This feature is the latest in our series looking at the 20 hottest properties in Ligue 1; those players to keep an eye on and who are most likely to feature heavily in the 2022 summer transfer window. Look out for number 16 tomorrow and follow the run down in full here on GFFN.
Despite an eye-catching name, Mohamed-Ali Cho has, for the last year, managed to keep a relatively low profile. In August 2020 he made his first senior appearance the age of just 16 (and 224 days). His 10 minute cameo that day for Angers at Stade Raymond Kopa was a quiet one, having entered the field with his side two down to Laurent Koscielny’s Bordeaux.
Fast-forward twelve months, however, and everything has changed. Cho has finally opened his account with the new-look and in-form Angers under Gérald Baticle as the young forward became the first player born in 2004 to score in the French top flight, with a goal against Rennes in late August that exemplified his strengths. Receiving the ball on the turn just within the Rennes half, Cho used his physique and pace to send Rennes centre-back Nayef Aguerd sprawling to the floor and race towards the visitors’ box. Despite an average first attempt on goal, Cho was able to convert at the second time of asking after goalkeeper Alfred Gomis’ parry fell kindly.
It’s Cho’s physical prowess that has caught the eye. At six feet tall and with a turn of pace resembling a more compact player, it’s no surprise that the attacker has been able to impose himself at professional level despite his youth. More excitingly still, the teenager will naturally develop physically as his career progresses. Even before his first goal, his finishing is an area for development, Cho had already shown flashes of his ability.
Starting against Strasbourg on the opening day, Cho played an important role in the second and final goal of the game. Dribbling past make-shift centre-back Ibrahima Sissoko on the left, the teenager delivered a dangerous ball into the box which created the opportunity for Stéphane Bahoken to seal Angers’ win. Equally, it was Cho’s pace that drew a careless and frustrated foul from Lyon’s Maxwell Cornet, resulting in his second yellow card, a week later. Following their 3-0 defeat at Stade Raymond Kopa, OL captain Léo Dubois explained that “we’d been warned, we knew that he was very quick.”
Having started all but one game this season, Cho has mostly appeared in a front two with Sofiane Boufal, a player with whom he has developed a good relationship, the two forwards having more in common than might be expected. Both have Moroccan heritage, Cho through his mother and Boufal through both parents. More importantly, both spent time in England. Most Premier League fans will remember Boufal as Southampton’s tricky dribbler and scorer of the odd wondergoal. Cho, meanwhile, spent five years with Everton’s youth sides from 2015 to 2020. The teenager, born in Paris, even twice represented England under 16s. This is a result of his twelve years living in both London and the North West of England, two periods separated by a five year stint in Paris. Such back and forth across the Channel was dictated by the professional needs of his parents, who add eligibility for Morocco and Côte d’Ivoire to England and France at international level.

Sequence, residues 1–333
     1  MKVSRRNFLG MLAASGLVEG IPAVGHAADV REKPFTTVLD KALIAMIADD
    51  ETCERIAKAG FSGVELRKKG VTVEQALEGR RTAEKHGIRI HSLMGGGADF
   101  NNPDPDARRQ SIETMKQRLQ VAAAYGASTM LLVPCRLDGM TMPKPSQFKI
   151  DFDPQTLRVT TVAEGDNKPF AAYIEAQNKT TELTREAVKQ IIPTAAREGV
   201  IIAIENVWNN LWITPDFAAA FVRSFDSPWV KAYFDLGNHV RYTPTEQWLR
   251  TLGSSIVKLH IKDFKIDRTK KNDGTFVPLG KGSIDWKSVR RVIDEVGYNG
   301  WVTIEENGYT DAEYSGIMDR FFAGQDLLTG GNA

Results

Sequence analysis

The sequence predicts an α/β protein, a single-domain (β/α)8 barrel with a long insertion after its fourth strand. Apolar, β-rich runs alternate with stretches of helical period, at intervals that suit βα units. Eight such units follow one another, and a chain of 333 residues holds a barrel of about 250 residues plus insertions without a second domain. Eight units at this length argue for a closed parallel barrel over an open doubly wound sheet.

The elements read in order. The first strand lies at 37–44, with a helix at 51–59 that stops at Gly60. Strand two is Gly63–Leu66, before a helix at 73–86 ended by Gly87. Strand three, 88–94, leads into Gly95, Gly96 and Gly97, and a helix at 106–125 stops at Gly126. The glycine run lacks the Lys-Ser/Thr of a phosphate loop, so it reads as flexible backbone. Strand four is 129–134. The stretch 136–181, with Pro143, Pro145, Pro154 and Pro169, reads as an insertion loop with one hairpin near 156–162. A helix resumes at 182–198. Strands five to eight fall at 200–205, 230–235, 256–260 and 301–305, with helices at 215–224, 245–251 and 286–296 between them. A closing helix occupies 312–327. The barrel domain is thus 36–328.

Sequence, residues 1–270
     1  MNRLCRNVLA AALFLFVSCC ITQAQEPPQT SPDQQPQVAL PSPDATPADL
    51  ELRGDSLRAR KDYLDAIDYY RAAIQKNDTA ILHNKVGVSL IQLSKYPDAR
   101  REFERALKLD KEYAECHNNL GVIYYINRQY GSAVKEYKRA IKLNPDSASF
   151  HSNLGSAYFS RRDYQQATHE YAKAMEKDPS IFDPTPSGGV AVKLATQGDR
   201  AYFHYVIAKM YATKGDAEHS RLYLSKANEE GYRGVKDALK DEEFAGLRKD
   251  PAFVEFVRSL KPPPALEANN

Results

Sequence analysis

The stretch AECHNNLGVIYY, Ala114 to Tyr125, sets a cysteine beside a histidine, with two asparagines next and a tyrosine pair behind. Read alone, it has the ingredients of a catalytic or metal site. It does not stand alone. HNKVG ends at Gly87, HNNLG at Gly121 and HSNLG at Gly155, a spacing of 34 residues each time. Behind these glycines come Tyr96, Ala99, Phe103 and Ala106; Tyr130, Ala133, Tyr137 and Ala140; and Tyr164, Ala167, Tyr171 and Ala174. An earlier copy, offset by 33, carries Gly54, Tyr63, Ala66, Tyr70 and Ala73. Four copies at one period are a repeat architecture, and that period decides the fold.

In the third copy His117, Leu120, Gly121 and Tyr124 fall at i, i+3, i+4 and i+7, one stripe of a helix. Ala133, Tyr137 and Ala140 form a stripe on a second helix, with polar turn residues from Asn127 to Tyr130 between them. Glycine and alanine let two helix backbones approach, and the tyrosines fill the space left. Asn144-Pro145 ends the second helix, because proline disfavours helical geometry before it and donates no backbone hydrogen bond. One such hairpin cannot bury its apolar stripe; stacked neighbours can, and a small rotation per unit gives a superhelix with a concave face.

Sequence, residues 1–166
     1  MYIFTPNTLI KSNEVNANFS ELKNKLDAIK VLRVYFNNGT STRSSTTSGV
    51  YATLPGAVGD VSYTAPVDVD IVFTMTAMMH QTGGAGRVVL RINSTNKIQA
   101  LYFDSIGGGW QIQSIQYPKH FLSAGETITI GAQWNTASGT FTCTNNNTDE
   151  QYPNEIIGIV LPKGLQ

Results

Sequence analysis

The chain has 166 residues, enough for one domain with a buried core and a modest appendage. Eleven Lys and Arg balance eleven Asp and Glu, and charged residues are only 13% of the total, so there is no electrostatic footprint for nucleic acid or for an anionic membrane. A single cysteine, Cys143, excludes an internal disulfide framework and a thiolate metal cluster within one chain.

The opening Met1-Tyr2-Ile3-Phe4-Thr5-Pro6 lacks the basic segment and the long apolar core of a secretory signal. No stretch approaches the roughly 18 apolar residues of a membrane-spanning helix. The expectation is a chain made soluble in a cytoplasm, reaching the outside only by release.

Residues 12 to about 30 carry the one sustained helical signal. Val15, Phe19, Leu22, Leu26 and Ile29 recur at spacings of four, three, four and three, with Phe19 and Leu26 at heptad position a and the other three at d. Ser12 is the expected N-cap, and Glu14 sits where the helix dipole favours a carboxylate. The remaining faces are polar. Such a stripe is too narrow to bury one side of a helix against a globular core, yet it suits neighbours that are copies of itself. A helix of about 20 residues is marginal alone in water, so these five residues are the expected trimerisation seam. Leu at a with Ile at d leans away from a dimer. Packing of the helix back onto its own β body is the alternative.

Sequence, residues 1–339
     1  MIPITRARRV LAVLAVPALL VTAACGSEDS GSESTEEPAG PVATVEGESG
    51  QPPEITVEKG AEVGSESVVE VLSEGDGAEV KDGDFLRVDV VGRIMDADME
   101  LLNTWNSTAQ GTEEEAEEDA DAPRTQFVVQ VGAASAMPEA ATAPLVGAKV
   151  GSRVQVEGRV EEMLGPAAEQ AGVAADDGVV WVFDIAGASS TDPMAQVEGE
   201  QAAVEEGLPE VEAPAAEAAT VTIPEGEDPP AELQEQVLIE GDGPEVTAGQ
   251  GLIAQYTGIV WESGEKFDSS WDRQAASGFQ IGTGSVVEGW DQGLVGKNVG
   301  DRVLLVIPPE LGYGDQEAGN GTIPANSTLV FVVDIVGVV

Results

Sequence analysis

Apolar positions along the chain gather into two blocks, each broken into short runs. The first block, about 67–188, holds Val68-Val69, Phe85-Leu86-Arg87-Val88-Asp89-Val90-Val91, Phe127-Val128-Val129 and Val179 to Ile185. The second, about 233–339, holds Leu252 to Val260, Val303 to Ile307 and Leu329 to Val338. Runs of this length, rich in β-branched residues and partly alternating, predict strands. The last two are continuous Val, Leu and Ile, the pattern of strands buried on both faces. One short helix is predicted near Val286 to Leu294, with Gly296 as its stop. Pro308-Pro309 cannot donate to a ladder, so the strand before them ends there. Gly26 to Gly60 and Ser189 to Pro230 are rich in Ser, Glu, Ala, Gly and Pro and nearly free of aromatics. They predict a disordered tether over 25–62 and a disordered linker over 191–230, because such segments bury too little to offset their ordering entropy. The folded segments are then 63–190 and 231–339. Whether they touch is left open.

Despite having represented France under 21s most recently, in two qualifiers for Euro 2023, Cho is, by his own admission, as English as he is French. Speaking to The Secret Scout in March, he explained that having played in both national setups has helped rather than hindered his development. “It’s a blessing for me,” he said. “It’s definitely an advantage. I know both cultures. Especially in football, I had to adapt to English football when I came back to Everton.” More specifically, when returning from the PSG academy, it was “the intensity, the dynamic plays and the aggression” that forced the teenager’s game to evolve.
It’s no surprise that Cho has broken records at such a young age. At just seven, he was already playing an age group above and, upon leaving PSG at 12, he was playing regularly with those two years older than him. It makes sense, then, that when leaving Everton, many of Europe’s “biggest clubs” were interested, as described by Cho himself. Philippe Leclerc, the man responsible for Angers’ recruitment, also said as much. Speaking to So Foot, he went on to say that, in order to recruit Cho, “we offered a real project in guaranteeing that he would soon be made part of the squad and that he would be playing within four to 12 months. To say to a 16-year-old lad that he will soon be playing with the pros will interest him.”
Despite the draw of larger clubs, Cho has taken advantage of that promise. The teenager explicitly mentioned that “they trusted [his] talent and [his] potential”, citing this as the main reason for his move to the West of France. That trust has been repaid as, 30 professional league appearances later, Angers are reaping the rewards. The Angevins currently sit in the European places after ten games, with only two defeats. A far cry from their 13th place finish last season and a worrying four point gap to relegation.
So, the future seems bright for Angers’ teenage sensation. Just this month, he was been called up for the France under 21s’ second round of qualifiers against Ukraine and Serbia and contributed an assist off the bench in both comfortable wins. Naturally, only time will tell how far he might go, but there appears no reason not to be optimistic.